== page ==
Pros of an existing outline

  1. An existing outline gives you all the pertinent information up front. You know what is expected, and exactly what the end product should look like. You can dive into the project immediately. Given the time constraints placed on ghostwriting (in my experience, you have to complete and edit 40k+ words in a month or less) this is beneficial.
  2. If there is something missing from the story, you can point to the outline for proof. “See? That plot point wasn’t in there.”
  3. The story you’re telling is not yours. (This can also be a con, depending on your view, but if the story sucks–and some do–you have to make the best with what you’ve been given.) At the end of the day, you did what you could. You can at least say; “At least it wasn’t my idea.”

Cons of an existing outline

  1. Most of the clients I’ve had the opportunity to work with have been very good. They’re flexible on deadlines, especially during flu season. They check in with me and answer questions I have. But that will not always be the case. Some clients will fight you on every detail. Clients who want you to follow a preexisting outline to the letter, are a pain. Adaptation is necessary to some degree.
  2. Some outlines aren’t specific. Sometimes a client has a lot of ideas and no clue how to marshal them. So they toss word salad at you and expect you to figure it out. At this point, it is almost like writing your own, with the added stress of worrying that you’ve left something crucial out.
  3. Writing from an outline can feel stiff and unnatural, especially if you’ve never written for someone else before. The lack of control will chafe, but you don’t want to back out of a contract because you didn’t get to plan the book.

Now that I’ve gone over existing outlines, let’s discuss writing your own. This task can feel especially daunting. You’re staring at a blank canvas, not sure what you want to paint yet. If your contractor is non-specific, or will be happy whatever you turn in, then you have free reign. If you’re especially Type A, like myself, this can petrify you.

Pros of writing your own outline

  1. It promotes better communication between yourself and the client. I usually take a day or two to hammer out a crude outline before I even begin writing. I send it to my clients before I start in on the project. Why? Because it shows I care about their input. There’s no use starting a project if your client will demand it be changed. I’d rather make changes to a two thousand word outline, instead of being forced to revamp a story I’m already fifteen thousand words into.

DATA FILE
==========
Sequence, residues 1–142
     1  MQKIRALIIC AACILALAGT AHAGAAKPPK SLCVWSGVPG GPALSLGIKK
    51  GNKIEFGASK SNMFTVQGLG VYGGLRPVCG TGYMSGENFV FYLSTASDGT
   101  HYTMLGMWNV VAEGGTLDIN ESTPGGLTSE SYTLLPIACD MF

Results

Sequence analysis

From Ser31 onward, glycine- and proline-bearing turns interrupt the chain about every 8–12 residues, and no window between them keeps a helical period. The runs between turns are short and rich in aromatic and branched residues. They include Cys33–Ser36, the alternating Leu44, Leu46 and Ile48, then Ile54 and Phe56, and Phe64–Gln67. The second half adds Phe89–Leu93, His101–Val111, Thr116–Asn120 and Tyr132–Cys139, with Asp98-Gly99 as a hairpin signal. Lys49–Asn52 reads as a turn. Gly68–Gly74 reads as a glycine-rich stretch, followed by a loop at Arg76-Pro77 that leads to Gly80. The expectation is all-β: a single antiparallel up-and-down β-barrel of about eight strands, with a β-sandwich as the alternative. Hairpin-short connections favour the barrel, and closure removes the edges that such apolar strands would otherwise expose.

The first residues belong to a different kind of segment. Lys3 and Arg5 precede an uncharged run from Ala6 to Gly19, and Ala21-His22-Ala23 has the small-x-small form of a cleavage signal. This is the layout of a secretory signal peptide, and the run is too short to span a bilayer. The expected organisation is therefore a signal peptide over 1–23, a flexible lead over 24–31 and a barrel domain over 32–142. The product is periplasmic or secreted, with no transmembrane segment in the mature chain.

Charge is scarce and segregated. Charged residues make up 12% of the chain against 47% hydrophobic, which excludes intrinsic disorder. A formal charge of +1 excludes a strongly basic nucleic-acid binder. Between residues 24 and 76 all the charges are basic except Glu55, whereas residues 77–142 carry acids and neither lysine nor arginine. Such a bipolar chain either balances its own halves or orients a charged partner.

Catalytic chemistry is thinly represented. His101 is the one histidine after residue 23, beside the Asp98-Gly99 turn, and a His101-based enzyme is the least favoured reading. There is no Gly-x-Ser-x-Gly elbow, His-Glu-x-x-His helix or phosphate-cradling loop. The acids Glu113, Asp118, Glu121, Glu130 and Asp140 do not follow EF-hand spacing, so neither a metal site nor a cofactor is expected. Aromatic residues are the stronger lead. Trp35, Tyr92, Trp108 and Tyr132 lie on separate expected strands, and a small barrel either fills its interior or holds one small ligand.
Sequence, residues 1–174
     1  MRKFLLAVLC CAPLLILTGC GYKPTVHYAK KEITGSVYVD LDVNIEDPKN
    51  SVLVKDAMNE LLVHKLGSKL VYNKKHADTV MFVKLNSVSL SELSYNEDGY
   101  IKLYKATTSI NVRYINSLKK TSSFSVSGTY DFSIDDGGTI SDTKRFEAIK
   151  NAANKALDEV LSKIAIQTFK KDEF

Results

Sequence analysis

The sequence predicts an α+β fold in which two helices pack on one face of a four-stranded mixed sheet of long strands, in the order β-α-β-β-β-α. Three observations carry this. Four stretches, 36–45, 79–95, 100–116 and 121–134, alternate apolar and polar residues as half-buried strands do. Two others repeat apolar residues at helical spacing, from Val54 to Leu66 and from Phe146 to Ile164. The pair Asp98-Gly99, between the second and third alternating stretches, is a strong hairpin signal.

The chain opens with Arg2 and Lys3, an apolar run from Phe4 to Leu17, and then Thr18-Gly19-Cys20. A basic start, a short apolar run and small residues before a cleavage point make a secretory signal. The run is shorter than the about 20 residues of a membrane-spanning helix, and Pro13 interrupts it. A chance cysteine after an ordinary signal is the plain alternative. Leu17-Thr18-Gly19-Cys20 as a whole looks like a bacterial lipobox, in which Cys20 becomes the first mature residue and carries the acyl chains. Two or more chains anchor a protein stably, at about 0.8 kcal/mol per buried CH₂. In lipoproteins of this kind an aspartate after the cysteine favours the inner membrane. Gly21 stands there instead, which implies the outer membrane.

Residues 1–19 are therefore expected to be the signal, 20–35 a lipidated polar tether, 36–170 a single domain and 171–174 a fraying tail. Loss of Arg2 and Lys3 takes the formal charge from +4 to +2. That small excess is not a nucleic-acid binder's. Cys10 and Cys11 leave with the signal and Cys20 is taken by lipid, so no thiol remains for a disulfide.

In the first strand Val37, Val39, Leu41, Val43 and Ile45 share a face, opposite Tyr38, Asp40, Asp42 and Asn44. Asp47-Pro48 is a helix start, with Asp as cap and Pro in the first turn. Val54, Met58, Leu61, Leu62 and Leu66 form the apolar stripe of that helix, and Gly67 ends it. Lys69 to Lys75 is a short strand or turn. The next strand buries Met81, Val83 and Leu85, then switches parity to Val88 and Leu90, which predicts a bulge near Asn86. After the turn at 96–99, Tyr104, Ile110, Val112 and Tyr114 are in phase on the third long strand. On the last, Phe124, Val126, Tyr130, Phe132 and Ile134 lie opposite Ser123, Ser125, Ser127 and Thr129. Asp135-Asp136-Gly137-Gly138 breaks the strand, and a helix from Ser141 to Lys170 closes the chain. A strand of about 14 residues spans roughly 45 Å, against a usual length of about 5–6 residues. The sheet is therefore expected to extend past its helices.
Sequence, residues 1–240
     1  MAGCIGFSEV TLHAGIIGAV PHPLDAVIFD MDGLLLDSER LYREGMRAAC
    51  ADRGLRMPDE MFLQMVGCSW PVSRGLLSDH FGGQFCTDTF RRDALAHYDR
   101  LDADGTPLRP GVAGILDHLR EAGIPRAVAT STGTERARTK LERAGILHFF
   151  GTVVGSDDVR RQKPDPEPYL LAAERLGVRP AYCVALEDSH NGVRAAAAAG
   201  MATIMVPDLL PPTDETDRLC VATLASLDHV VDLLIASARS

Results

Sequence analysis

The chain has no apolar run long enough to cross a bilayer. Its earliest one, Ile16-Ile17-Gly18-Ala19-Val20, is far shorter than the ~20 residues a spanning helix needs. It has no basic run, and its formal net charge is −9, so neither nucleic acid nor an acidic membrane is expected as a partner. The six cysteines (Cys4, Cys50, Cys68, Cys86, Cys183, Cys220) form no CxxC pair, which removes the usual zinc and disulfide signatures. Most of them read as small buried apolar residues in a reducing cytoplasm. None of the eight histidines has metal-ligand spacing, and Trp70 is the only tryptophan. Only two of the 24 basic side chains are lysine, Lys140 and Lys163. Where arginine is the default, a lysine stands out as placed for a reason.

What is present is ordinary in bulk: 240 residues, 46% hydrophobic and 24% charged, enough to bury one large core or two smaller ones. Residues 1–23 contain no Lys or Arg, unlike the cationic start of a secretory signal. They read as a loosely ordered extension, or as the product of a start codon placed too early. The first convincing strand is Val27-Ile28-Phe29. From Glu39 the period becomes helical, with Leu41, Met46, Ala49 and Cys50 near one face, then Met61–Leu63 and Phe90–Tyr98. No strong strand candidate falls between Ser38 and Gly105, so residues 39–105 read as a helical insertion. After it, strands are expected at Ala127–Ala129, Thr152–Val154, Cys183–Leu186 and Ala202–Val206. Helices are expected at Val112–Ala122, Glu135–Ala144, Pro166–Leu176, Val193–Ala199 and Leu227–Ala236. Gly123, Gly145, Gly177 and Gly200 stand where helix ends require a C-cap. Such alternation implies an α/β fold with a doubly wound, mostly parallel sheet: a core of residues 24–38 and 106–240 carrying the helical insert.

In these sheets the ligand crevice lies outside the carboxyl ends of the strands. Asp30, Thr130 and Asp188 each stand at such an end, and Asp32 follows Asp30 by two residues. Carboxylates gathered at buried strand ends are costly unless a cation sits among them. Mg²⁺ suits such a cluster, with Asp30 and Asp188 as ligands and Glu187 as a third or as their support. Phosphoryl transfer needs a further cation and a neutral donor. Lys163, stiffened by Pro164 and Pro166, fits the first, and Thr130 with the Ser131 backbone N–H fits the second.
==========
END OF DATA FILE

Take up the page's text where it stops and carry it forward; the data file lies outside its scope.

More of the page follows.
2. You have (almost) complete creative control. The canvas is yours, do what you want with it. You build the world, the characters, the plot. You dictate everything. The world is literally your plaything. As long as it doesn’t go up in fiery Armageddon you can do what you want.
  3. It gets you into the habit of doing so for later works. Many ghostwriters like myself have aspirations to publish under their own name someday. Outlining for ghostwritten projects will prepare you for the process in later works.

Cons of writing your own outline:

  1. It takes time. As I said above, it takes time to write an outline. If you have thirty days or less to pen a novel, you’re going to resent using that one day to plan. I’d argue it saves time in the long run. You’re not tripping over your plot points, trying to figure out what you said about the worldbuilding three chapters ago. But I understand the sentiment. I don’t have time to plan, I have to write!
  2. That level of creative control can be petrifying. You don’t know where to begin. The thoughts that first pop into your head will feel cliche. You may not be sure what is motivating the characters. You realize that you’re in way over your head and you want to crawl into a hole until it all goes away.
  3. The story is not yours. Ghostwriting books is pretty much selling talent for a flat fee. If you get overly attached to your characters, it can be hard to sell them to someone who just wants to make money off of them. You will never be able to slap your name on that idea. You have to consider what you want to give to your client, and what you want to keep for your own original work.
  4. It will hurt more if your work is not well-received.

Why is outlining good for your own work? It gives you milestones to track your progress. Many writers throw up their hands in defeat after they get stuck with dreaded writer’s block. Projects sit on the shelf and collect dust for years, if they’re continued at all. Writing the ideas down while they are fresh preserves that first flush of excitement and will allow you to remember details you want to include.

It will keep your continuity straight. There are many readers who only pick up a work for the entertainment value. These people set the book down after it was done with a mild opinion about it one way or the other. These are the silent majority. But there is another type of reader. They are very invested in your world and they become apoplectic if something is out of place or contradictory. These are the readers who post scathing reviews online. I am admittedly the latter. When a book offends my sensibilities they go on a list to appear on this blog in a chapter-by-chapter review of how awful they are. This is why I’m extremely hard on my own writing. I have high standards for myself as well.